Realizing Perfection
By A.D. Freudenheim  

25 July 2004

In the mid-to-late 1980s, as the Soviet Union’s client states imploded and the Berlin Wall was destroyed, a terrific (and possibly apocryphal) story circulated about the late East German leader Erich Honecker. It was said that in the last few years of his dictatorship, as the situation in East Germany became more dire, he was driven to work along a route that had been fixed up specially for him – one showing pretty painted houses and clean vistas among the otherwise gray and dingy East Berlin streets. At the time, it seemed an easy-to-believe and very obvious story: the aging ruler of a long-declining nation would certainly not want to see the misery around him, and no doubt his aides took the opportunity to ensure that their leader’s seeing matched his believing.

There is something else that sticks out in this story, an element perhaps more sinister and complex than the mere deception of someone’s eyes. The totalitarian nature of the East German state was, in a certain sense, embodied by Honecker – and Honecker, as the personification of the state, ruthlessly sought a his own vision of political perfection; obsessively so, even when none was to be found. The gussied-up route to work is only a small example: the scores of former East German athletes who have come forward to describe how they were used as guinea pigs for drugs that might make them more competitive Olympians; the copious Stasi files revealing how citizens were encouraged to spy on one another for the betterment of the state; the brutally-functional construction projects in East Berlin that dared to look vaguely Western – as if pretending that East Berlin had all that the West did – even as the truth was so bitterly obvious; all of these are examples of this failed political perfectionism.

Honecker was hardly alone in his delusions (and if East Germany under Honecker was unpleasant, Kim Jong-Il’s North Korea must be unimaginably worse). In fact, it seems as though there is a certain connection between the pursuit of perfection and the megalomania that results in a society causing broad harm to its own citizens. Think only of the 20th century’s list of would-be political-and-personal messianists: Lenin, Mussolini, Hitler, Stalin, Mao, Tito, Castro, Pol Pot, Peron, Amin, Mobutu, Pinochet, Hussein, Milosevic, Mugabe – all leaders who inflicted tremendous damage to their nations and peoples by believing, unfailingly, that the perfection they sought for themselves was attainable – and valuable, and necessary – for the nation around them.[1] Something about an individual’s pursuit of perfection seems to allow people to become oblivious to the responses of others – and to whether or not we harm them in the process.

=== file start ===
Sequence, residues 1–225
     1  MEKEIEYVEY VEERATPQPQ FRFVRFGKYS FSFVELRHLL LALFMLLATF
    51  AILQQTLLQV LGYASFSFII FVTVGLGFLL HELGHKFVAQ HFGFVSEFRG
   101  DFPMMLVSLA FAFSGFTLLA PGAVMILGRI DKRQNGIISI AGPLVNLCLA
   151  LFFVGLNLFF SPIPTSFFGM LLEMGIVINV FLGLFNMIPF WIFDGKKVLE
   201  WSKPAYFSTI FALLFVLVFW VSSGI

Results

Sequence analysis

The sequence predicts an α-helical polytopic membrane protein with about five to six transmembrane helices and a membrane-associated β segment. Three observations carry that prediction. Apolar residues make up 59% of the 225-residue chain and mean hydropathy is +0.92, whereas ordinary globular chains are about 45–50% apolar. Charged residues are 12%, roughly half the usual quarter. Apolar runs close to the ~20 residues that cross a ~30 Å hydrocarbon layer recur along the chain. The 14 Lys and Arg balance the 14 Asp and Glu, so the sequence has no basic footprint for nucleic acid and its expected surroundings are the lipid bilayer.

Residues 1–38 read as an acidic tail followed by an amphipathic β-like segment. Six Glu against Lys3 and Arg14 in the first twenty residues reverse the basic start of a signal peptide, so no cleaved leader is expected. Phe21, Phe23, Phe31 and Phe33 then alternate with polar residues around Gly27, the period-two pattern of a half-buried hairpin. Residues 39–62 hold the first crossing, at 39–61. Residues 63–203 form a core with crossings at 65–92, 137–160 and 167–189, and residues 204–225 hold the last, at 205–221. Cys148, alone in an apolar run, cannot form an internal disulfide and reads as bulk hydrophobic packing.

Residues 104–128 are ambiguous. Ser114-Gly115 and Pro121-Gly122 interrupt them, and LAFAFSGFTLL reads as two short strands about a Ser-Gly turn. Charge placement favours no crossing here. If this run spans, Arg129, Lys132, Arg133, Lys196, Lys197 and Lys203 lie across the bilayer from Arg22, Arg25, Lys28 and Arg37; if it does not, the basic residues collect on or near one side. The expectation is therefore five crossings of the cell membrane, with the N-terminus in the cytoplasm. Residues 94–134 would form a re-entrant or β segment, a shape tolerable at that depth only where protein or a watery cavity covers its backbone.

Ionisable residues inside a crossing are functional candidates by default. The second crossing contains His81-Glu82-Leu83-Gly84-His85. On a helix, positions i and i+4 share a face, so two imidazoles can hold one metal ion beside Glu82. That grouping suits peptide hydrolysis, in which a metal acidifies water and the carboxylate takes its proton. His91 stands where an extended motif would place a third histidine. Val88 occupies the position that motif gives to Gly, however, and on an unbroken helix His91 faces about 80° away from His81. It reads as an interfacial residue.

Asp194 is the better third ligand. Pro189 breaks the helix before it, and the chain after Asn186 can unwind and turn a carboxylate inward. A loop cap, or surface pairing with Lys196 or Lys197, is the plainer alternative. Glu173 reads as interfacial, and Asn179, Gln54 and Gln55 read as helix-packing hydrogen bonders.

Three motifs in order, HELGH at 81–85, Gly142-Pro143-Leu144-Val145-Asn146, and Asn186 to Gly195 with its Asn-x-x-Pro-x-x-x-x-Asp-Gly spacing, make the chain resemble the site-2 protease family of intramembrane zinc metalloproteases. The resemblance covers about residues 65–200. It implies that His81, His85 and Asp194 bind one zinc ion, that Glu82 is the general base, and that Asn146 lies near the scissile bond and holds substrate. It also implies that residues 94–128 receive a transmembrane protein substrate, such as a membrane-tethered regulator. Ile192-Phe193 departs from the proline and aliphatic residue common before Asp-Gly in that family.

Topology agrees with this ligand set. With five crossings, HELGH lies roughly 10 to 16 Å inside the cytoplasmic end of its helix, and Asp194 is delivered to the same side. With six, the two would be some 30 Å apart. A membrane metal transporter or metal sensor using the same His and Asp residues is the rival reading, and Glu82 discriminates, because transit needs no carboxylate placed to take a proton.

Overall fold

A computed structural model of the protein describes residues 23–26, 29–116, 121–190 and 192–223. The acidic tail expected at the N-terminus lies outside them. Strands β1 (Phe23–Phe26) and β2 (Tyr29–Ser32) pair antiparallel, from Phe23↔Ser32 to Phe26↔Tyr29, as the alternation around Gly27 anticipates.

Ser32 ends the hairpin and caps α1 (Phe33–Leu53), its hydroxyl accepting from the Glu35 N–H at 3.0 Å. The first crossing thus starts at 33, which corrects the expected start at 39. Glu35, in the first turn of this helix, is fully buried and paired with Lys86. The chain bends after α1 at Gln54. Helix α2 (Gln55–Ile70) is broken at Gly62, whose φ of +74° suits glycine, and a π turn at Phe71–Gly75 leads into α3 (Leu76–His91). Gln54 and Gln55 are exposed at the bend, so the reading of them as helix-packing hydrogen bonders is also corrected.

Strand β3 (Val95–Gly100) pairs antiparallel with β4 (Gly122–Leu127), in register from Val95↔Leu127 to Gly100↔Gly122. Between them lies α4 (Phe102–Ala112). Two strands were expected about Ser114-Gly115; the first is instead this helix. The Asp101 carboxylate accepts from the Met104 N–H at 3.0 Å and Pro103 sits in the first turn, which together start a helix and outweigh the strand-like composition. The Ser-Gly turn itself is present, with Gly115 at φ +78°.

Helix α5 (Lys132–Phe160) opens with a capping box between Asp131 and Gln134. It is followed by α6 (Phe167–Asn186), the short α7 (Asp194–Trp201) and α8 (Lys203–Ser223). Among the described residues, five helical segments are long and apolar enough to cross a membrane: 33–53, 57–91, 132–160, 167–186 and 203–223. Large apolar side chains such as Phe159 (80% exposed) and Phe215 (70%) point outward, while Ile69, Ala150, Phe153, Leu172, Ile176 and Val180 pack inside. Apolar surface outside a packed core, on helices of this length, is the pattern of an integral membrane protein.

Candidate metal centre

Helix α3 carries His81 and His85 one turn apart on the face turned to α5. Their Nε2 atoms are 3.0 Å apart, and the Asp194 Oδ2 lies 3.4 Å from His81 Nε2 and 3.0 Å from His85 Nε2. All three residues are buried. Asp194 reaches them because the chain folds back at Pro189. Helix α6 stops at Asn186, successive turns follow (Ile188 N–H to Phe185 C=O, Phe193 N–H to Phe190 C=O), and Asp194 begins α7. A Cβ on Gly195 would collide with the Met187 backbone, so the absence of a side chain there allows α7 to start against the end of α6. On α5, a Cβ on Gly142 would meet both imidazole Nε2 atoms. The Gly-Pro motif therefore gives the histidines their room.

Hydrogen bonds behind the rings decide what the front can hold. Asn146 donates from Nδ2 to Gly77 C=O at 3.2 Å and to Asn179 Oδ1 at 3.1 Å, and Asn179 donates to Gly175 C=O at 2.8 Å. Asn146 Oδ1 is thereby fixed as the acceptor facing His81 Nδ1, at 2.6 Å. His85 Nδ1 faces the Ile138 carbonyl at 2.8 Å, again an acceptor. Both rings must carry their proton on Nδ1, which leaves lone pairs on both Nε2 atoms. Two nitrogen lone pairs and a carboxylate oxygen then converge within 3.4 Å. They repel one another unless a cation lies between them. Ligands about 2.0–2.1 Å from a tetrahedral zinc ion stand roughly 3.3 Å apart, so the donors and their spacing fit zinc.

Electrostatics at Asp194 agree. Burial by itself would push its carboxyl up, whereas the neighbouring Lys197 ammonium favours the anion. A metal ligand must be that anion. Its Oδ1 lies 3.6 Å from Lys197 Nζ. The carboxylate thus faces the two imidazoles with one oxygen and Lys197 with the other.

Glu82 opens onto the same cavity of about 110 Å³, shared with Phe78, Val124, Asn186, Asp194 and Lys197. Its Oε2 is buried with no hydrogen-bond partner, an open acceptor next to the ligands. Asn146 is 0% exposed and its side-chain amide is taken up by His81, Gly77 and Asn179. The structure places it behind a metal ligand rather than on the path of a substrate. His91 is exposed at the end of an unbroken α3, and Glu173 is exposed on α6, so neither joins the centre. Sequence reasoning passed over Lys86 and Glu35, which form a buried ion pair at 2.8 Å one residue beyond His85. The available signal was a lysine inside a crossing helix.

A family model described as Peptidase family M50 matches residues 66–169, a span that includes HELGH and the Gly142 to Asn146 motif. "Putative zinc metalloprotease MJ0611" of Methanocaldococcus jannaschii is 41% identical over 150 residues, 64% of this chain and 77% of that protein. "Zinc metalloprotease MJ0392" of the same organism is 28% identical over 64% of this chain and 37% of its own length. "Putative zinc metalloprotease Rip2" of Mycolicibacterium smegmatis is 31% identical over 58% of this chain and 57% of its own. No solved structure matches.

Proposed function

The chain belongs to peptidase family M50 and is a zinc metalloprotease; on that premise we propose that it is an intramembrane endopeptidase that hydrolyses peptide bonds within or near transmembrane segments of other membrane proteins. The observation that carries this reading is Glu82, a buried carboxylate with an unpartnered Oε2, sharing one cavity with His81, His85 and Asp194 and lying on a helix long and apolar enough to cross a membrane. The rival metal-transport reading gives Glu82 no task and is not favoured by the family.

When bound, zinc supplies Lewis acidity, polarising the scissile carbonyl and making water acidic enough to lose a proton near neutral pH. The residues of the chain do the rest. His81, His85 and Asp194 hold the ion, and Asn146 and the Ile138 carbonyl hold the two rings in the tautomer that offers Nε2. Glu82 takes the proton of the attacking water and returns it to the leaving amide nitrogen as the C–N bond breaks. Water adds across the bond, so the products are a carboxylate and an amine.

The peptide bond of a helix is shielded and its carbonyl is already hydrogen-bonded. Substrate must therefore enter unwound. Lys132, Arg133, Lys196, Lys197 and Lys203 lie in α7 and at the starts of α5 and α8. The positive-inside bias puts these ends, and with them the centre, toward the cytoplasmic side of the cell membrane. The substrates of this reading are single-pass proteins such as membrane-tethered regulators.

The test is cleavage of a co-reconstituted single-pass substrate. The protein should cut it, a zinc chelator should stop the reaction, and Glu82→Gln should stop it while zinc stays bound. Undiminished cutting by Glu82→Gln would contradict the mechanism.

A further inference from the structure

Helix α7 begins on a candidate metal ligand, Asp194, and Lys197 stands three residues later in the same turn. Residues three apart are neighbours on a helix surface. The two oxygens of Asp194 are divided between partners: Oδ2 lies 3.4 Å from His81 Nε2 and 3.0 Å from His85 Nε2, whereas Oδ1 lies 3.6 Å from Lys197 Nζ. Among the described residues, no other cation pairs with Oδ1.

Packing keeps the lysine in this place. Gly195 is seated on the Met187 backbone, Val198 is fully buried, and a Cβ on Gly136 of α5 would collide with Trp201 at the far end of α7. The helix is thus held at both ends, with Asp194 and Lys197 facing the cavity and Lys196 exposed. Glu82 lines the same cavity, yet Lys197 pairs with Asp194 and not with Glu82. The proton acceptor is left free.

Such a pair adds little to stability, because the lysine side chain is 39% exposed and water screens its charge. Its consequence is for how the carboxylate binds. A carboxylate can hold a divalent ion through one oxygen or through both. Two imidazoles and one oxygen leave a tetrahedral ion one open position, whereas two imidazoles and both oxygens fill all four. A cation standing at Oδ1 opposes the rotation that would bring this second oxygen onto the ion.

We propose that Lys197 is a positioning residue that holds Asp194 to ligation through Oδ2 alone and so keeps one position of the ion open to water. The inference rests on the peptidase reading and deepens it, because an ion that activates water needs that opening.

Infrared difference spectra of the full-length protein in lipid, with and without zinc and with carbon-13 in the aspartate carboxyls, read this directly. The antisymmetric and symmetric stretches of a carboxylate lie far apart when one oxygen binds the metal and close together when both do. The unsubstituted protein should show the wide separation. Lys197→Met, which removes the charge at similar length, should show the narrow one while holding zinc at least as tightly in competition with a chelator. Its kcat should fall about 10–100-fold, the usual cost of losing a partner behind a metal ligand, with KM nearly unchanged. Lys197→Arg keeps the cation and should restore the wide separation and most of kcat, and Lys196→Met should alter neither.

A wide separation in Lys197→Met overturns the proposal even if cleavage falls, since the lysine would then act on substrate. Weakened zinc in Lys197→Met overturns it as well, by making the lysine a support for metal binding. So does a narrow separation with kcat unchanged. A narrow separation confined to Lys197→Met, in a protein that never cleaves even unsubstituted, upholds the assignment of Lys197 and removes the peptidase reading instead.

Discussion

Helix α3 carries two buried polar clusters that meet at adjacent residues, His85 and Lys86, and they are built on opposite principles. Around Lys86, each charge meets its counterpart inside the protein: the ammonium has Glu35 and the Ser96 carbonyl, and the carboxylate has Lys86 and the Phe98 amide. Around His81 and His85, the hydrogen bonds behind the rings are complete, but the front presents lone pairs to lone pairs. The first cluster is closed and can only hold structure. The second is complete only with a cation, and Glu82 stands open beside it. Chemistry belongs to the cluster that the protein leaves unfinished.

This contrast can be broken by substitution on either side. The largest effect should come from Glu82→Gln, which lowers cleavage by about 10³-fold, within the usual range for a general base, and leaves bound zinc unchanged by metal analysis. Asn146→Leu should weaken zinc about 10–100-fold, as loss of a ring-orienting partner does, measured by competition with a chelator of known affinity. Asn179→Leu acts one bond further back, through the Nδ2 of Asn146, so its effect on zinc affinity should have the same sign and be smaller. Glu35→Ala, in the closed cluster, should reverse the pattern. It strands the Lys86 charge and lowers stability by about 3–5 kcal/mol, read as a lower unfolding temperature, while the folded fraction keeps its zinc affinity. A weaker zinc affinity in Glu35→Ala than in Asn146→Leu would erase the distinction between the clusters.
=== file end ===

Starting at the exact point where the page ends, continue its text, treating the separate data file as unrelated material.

Perfection is an elusive goal. In and of itself, it is not required in order for us humans to live happy and successful lives; sometimes the striving for perfection can be as important as actually achieving it. However, there is also a social cost to pursuing perfection; being aware of these costs, on ourselves and on those around us, is equally important. The challenge is to know when to stop, to be able to see when the desire for the absolute could be satisfied – and could satisfy others – with acceptance of something that may be shy the ideal. Perfection, in other words, may take many and sometimes unexpected forms.

This awareness is important because separate from political totalitarianism is an emotional form of the same, also driven by an individual’s relentless pursuit of perfection. From one person’s needs can come uncomfortable and unhappy environments for everyone else. An entire group (a family, for example) can be made to suffer for someone’s desire for perfection, and that need can stifle all other perspectives and opinions. It can polarize and oppress as effectively as any political structure. Moreover, it may be such an obvious reflection of that individual’s inherent unhappiness – an unhappiness often related to the matter at hand – that challenging the person or their views becomes a seemingly-monumental task. The connection between a desire for perfection and an underlying depression may not be obvious, but may be present nonetheless.

Of course, the obvious distinction is that in most social situations, when someone’s behavior is upsetting or oppressive, we can leave – leave the room, or leave the situation. In national or political terms, this is not always possible. What remains a constant is our obligation, our responsibility, to do something to address these situations, no matter how difficult. We should neither give up the desire to improve ourselves and our world, nor should we let that desire carry us away. There are always challenges – leaving the room in an oppressive social situation can seem as complicated and uncomfortable as leaving an oppressive nation – but it is often necessary. The path to standing up to the emotional or political bully may not always be obvious, but for every perfectionist imposing their needs on society or the people around them, the health, welfare, and sanity of the rest of us demands a response.

[1] As I wrote in April 2002, “...of course, only when an institution and its leaders stand as truly flawed is it necessary to declare their irrefutable perfection.” See Putting Down Beliefs.   Copyright 2004, by A.D. Freudenheim. May not be used in whole or part without written permission. However, you may link to this page as desired! Contact A. D. Freudenheim for further information.
This page is part of: The Truth As I See It.